soliloquy shows that Iago has no real motives for his actions. To substitute for
real motives, Iago treats rumors like they were facts and invents situations
that never happened in order to suit the ends he wishes to achieve. The Furness
Variorum Edition points out that Iago admits in his first soliloquy that the
affair between Othello and Emilia is only a rumor (p.120-121). "And it is
thought abroad that ‘twixt my sheets/ he has done my office. I know not if’t
be true/ But I, for mere suspicion in that kind/ Will do as if for surety"
(369-372). Iago has no reason to hate Othello, but because he is an evil person
Iago wants to ruin Othello’s life. Iago heard a rumor that Othello had slept
with Emilia, and he declares that he will believe this rumor as if it were a
fact. By the time Iago says his second soliloquy, he has convinced himself that
Othello and Emilia had an affair. He is able to say that Othello "hath
leapt into my seat" (283) with such conviction because in his head Iago has
made the rumor a fact. This shows that Iago has no motives for destroying
Othello. He invents reasons why he hates Othello, and these reasons lead to the
end that Iago envisions, not the logical end that these motives should reach. In
this soliloquy the hypocrisy of Iago’s motives and actions is also visible.
Iago says that he wants to be even with Othello "wife for wife" yet he
does nothing to try and get in bed with Desdemona. Instead of wooing Desdemona,
Iago spends his energy on trying to break up the marriage of Desdemona and
Othello. Othello did not break up Iago’s marriage by sleeping with Emilia; it
is never proven that this even happened. Therefore, breaking up Othello’s
marriage does not get Iago revenge in any way. The only way that Iago’s
actions could be the result of his motives is if he is jealous of Othello for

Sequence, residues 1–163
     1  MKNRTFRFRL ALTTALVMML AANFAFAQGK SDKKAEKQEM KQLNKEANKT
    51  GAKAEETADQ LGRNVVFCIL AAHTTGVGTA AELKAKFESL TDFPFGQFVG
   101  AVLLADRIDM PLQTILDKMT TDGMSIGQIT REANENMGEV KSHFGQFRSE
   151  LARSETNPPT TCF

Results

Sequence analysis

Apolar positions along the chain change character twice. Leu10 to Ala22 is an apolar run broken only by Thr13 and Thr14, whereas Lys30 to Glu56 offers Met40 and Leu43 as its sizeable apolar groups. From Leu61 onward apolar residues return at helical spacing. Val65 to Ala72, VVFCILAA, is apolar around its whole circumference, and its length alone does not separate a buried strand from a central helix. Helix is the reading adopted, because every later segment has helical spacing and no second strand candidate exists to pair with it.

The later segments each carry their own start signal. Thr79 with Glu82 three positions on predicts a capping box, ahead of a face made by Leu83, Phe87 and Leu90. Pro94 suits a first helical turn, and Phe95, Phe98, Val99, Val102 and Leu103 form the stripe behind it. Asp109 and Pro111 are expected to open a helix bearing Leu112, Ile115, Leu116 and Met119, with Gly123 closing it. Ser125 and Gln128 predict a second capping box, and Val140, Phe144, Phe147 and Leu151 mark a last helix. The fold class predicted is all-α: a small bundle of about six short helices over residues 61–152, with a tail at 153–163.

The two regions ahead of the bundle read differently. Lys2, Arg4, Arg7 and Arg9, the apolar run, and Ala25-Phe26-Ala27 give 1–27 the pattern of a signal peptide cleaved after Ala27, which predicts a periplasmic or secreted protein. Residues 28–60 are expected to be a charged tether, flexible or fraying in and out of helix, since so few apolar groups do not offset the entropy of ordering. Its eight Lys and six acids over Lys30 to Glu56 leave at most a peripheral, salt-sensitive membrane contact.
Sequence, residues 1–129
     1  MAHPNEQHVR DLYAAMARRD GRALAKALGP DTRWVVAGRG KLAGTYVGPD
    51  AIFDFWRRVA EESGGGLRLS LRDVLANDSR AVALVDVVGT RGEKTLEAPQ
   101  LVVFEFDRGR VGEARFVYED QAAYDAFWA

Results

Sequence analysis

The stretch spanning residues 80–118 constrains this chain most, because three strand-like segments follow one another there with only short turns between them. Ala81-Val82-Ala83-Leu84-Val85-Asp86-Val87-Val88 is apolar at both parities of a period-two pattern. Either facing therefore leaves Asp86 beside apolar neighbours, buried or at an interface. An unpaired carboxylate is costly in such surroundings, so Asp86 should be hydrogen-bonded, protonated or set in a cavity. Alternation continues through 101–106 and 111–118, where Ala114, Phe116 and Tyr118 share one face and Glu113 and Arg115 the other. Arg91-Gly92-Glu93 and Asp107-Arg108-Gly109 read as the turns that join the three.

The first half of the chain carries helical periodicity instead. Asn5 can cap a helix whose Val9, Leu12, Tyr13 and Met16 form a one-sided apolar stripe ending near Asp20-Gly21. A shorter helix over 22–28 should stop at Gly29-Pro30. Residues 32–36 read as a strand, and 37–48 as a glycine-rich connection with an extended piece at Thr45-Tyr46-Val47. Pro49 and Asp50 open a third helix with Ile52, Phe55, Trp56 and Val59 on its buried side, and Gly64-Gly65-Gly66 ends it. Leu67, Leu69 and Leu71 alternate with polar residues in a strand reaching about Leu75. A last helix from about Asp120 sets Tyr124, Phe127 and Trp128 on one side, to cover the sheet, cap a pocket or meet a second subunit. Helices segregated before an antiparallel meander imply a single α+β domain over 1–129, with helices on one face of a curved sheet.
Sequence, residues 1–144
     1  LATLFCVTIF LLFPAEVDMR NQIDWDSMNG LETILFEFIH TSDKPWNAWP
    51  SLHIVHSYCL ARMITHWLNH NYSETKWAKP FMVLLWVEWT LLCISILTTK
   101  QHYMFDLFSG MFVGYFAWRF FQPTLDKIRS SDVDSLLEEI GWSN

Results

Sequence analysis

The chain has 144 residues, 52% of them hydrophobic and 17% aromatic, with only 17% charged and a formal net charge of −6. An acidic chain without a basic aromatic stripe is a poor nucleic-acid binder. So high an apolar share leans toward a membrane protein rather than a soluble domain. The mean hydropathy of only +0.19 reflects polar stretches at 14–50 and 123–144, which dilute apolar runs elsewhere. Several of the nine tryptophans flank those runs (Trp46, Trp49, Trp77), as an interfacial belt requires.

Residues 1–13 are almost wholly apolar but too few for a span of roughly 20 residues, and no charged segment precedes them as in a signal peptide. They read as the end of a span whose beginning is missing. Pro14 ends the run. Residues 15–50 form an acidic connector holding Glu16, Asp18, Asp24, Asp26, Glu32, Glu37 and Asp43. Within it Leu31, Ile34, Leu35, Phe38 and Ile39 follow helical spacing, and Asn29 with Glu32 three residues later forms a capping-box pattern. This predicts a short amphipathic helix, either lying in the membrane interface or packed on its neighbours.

sleeping with Emilia. If Iago was jealous then making Othello jealous would be
an appropriate form of revenge. However, Iago does not seem to regard Emilia as
a wife, and he uses her to forward his plans in the same way that he uses
Roderigo. Iago is not jealous of Emilia and Othello and, therefore, he acts
without motive. In the final conversation Iago is speaking with Cassio instead
of Roderigo. Now that Cassio has been removed from his position as Othello’s
lieutenant he is very vulnerable, and wants only to win Othello’s trust again.
Iago pretends to be Cassio’s friend and uses Cassio to begin the second phase
of his plan. Iago suggests that Cassio request the help of Desdemona to try and
win back the respect of Othello. This is a good idea for two reasons. First,
Desdemona is a person that cannot turn her back on someone in need, such as
Cassio. Secondly, Othello is under Desdemona’s control. Othello loves
Desdemona so much that if she believes Cassio to be trustworthy, Othello will
believe it also. Our general’s wife is now the general… Confess yourself
freely to her. Importune her help to put you in your place again. She is of so
free, so kind, so apt, so blessed a disposition, she holds it a vice in her
goodness not to do more than is requested (292-298). Iago’s hypocrisy is again
illustrated here. In this passage Iago admires and respects Desdemona’s
personality. However, as the New Arden Shakespeare shows, Iago attacked and
ridiculed Desdemona in a previous conversation with Roderigo (p. 201). Iago
tells Roderigo that Desdemona is unintelligent because she is enamored with a
"pestilent complete knave" (239) like Cassio. Iago says this to